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Council emphasises role of Kerry Airport in economic recovery

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The Cathaoirleach and Chief Executive of Kerry County Council have emphasised the central importance of Kerry Airport in securing the economic recovery in the county in the years ahead.

 

The Council said that connectivity with the UK, Europe and the rest of the world would be critical for Kerry as the economy returns to normal levels of activity in the months and years after the Coronavirus crisis.

Cathaoirleach Cllr Niall Kelleher said that now, more than ever, financial support for regional airports like Kerry Airport was critical.

"In the years ahead, as we plot out the recovery from the devastating impact of the Coronavirus, Kerry Airport will be absolutely pivotal for business, tourism and the wider Kerry economy. By offering critical transport links with Dublin, London, Manchester and continental Europe, the airport provides us with an essential conduit to the UK and the rest of Europe which will be hugely important as transport services begin to return to normal," Cllr Kelleher said.

"The funding base provided through the Public Service Obligation (PSO) will be critical in continuing to underpin the role that the airport at Farranfore plays in providing transport linkages for the county."

Chief Executive Moira Murrell said that connectivity will be crucial for a county like Kerry in the coming years.

"Air transport links with the regions will be more essential than ever before in the years ahead. Kerry Airport has expanded its services in recent years with new connections to Berlin and Manchester and that ambition needs to be underpinned by continuing support into the future.

"As well as the benefits for tourism locally, the airport provides a vital link for the business sector in the county and for the companies with an international reach which employ so many people locally," she said.

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Coveted KY-1 plate goes to Hyundai for 2022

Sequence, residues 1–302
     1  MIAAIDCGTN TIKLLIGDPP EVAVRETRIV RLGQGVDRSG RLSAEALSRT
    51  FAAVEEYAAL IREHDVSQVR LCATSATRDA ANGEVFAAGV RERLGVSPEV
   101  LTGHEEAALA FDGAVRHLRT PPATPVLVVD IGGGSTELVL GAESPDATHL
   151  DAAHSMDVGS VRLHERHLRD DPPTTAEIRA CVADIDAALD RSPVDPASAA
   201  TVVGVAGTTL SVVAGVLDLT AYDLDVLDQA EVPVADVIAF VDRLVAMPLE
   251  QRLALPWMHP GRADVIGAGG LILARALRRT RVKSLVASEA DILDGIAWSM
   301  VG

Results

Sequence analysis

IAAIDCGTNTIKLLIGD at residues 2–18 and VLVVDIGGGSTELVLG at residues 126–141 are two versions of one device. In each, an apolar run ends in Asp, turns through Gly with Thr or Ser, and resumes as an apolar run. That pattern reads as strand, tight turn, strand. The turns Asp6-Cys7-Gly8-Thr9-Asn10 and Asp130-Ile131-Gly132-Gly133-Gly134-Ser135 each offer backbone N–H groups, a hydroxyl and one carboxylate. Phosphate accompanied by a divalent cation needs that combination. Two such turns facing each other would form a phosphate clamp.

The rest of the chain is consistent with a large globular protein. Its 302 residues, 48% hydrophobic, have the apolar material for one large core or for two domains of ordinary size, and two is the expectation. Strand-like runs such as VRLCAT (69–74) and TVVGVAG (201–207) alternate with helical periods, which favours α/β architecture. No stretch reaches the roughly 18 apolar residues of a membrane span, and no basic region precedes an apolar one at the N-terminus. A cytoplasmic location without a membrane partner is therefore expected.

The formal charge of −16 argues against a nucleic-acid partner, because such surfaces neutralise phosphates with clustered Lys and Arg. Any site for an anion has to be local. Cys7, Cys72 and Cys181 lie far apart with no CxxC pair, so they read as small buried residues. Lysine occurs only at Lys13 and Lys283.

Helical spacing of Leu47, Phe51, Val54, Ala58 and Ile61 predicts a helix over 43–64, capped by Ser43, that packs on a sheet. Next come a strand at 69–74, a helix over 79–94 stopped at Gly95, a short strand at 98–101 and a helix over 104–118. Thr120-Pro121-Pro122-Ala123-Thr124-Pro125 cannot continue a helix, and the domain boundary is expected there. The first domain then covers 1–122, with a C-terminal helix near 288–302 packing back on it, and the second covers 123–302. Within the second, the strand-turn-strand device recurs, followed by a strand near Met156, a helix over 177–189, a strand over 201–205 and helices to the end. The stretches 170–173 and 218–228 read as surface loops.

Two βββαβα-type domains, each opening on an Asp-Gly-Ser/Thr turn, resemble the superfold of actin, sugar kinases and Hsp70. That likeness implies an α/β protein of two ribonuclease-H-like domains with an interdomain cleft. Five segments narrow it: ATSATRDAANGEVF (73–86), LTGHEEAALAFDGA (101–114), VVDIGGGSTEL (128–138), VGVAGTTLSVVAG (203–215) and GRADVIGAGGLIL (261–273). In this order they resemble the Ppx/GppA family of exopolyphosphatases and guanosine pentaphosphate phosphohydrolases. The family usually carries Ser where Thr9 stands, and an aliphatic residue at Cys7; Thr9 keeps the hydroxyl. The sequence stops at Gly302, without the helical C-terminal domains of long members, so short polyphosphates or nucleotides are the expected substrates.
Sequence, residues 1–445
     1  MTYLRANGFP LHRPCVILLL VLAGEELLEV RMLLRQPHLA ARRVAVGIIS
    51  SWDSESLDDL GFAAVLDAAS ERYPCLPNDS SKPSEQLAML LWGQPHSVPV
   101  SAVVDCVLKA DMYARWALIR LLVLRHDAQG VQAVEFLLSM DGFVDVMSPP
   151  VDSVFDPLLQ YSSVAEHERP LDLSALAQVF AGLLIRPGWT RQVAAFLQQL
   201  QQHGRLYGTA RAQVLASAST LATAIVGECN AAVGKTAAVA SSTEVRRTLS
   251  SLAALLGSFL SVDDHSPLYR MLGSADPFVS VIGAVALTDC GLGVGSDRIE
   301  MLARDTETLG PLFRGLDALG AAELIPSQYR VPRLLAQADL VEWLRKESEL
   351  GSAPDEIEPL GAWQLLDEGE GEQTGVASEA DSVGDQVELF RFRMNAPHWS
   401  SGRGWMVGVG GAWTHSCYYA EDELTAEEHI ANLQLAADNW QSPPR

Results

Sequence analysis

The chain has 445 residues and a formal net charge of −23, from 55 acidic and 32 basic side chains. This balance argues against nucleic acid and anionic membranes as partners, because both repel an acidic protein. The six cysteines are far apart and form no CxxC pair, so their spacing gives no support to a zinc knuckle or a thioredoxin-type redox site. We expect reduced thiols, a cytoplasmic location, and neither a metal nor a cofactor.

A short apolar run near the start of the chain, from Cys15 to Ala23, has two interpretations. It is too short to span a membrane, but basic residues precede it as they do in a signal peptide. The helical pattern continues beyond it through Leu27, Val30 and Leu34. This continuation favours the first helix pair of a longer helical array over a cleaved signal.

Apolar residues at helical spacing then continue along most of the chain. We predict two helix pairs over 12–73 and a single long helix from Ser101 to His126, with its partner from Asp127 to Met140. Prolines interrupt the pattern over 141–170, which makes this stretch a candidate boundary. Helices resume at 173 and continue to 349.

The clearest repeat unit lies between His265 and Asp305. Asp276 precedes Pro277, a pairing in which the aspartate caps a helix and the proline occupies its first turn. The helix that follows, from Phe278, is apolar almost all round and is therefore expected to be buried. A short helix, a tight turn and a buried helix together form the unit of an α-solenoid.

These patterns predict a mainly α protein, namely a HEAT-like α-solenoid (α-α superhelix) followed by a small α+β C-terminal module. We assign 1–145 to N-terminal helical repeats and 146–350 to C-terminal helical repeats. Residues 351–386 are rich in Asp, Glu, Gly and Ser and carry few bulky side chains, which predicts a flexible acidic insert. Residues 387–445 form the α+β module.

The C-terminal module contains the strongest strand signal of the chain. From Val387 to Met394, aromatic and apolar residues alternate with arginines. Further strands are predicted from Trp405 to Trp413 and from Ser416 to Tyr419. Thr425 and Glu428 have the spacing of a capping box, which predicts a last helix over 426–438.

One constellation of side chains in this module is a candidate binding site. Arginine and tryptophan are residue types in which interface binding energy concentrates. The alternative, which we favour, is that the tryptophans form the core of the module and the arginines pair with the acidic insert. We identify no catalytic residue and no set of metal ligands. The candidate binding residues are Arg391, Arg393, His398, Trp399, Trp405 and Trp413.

The coveted KY-1 plate has been allocated to Adams of Tralee for the second year in a row. The county’s Hyundai dealership secured the coveted plate as a result of the Hyundai Tucson topping the individual model sales charts for 2021. Available in diesel, petrol and pug-in hybrid, the Tucson offers something for every motorists. […]

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The coveted KY-1 plate has been allocated to Adams of Tralee for the second year in a row.

The county’s Hyundai dealership secured the coveted plate as a result of the Hyundai Tucson topping the individual model sales charts for 2021.

Available in diesel, petrol and pug-in hybrid, the Tucson offers something for every motorists.

With the switch to full electric not far away, Adams of Tralee’s general manager Marcus O’Shea believes that hybrid offers the perfect transition from fossil fuelled-cars to electric.

“It is a steeping-stone towards full electric,” he told the Killarney Advertiser. “It reduces the range anxiety for those not ready for full electric and it gets people used to new ways – plugging in the car at night at home will become normal and hybrid is the first step.”

The Tucson range has a model to suit all tastes and budgets. As well as being available in petrol, diesel or hybrid, each power variant is also available as in entry-level, mid or high specification formats.

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Hairdresser reveals women “open up” on safety while getting their hair done

By Sean Moriarty Nicole Coffey of Nicole’s Hair Salon on St Anne’s was inspired to run a fundraiser for a women’s refuge after hearing distressing stories from some of her clients. On Saturday last she offered a wash and blow-dry to clients and rather than charging them for the her services her customers made a […]

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By Sean Moriarty

Nicole Coffey of Nicole’s Hair Salon on St Anne’s was inspired to run a fundraiser for a women’s refuge after hearing distressing stories from some of her clients.

On Saturday last she offered a wash and blow-dry to clients and rather than charging them for the her services her customers made a donation to Adapt Women’s Refuge in Tralee.

Nicole was inspired to run the charity day because a lot of her regular clients opened up to her while they were getting their hair done.

The timing of her charity day was poignant as it came just days after Ashling Murphy was murdered while out for a run in her own town of Tullamore.

“People open up while I do their hair, many of them would not know that there is a refuge in Kerry,” she told the Killarney Advertiser. “I have experience with clients who are struggling. I had this idea to create more awareness for Adapt.”

She raised €2,000 for Adapt and the cheque was handed over to the Tralee-based charity on Thursday night this week.

Such was the success of her charity day Nicole worked from 7am to 7pm and as well as cash donations customers also donated vouchers and care packs to the charity.

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